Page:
Kathryn, I want to start with you because, as I’m watching this movie, there were so many different moments — between Cole cutting off a man’s penis and killing Carla Gugino with a sewing machine — where I wanted to know what specifically made you say ‘Yes, I need to be in this movie.’

Newton: (Laughs). That’s so funny, because for some reason — I heard you. I heard what you just said. But first I heard you say like, ‘I wondered why you said yes to this movie,’ and I just started laughing.

What made me want to do this? Well, that’s pretty easy. I mean, if you met Zelda, you’d want to do a movie with her too. And she just really said something that resonated, about what wanting to do something different, and take us somewhere else, and go to different worlds. She was like, ‘I’m sick of high school movies looking the same, the same characters. I want to take a risk can do something absurd and use our imaginations.’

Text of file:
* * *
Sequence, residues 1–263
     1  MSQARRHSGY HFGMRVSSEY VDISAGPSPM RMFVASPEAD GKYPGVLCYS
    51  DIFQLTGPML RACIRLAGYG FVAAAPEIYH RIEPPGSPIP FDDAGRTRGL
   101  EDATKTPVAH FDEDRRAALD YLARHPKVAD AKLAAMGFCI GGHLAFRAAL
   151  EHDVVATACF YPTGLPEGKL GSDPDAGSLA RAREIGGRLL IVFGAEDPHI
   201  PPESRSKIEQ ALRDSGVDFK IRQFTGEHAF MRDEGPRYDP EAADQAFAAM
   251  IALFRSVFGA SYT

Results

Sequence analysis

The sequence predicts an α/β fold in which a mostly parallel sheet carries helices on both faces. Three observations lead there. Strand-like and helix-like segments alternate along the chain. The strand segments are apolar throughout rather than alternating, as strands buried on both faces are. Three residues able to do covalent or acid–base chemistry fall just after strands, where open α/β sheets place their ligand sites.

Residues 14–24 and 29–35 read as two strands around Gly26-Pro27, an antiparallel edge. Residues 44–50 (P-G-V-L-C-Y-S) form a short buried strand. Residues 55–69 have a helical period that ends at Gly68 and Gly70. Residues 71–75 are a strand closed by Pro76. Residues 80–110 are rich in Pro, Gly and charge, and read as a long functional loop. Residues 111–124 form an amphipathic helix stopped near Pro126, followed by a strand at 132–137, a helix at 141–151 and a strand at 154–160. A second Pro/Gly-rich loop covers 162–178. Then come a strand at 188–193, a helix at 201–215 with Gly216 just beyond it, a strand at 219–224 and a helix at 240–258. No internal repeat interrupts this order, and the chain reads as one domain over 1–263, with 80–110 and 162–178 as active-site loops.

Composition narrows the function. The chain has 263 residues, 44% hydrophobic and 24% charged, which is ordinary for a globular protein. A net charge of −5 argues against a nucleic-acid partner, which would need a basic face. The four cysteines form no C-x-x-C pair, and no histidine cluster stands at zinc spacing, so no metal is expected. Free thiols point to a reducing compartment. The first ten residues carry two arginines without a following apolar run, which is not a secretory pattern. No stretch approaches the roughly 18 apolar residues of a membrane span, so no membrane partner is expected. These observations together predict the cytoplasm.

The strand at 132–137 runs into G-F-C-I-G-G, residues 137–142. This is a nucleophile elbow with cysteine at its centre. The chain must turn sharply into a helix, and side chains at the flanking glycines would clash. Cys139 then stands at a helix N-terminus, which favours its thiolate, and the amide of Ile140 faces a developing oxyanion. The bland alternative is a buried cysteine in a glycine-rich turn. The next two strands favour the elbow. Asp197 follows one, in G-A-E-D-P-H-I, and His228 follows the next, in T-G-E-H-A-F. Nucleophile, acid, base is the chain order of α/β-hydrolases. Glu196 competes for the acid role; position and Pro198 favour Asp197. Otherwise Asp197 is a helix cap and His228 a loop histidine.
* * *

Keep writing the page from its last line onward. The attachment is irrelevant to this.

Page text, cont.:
"Lisa Frankenstein"
“Lisa Frankenstein” (CREDIT: Focus Features)

And that seemed like a no brainer! Until I read the script, and I saw how challenging it could be. And I had to take a step back and really try to honor Diablo’s script and be like, ‘Can I do this? Do I have what it takes to do this?’ And I didn’t even have to think that way. Because when you got Cole Sprouse with you, you can do anything. He’s pretty awesome and we had a lot of fun making the movie.

Sprouse: Go on.

Newton: As you can tell.

Well, I did actually get to talk to Zelda Williams about this movie, and Cole, something she taught me about you was that you have apparently always wanted to be a monster on screen. So why is that?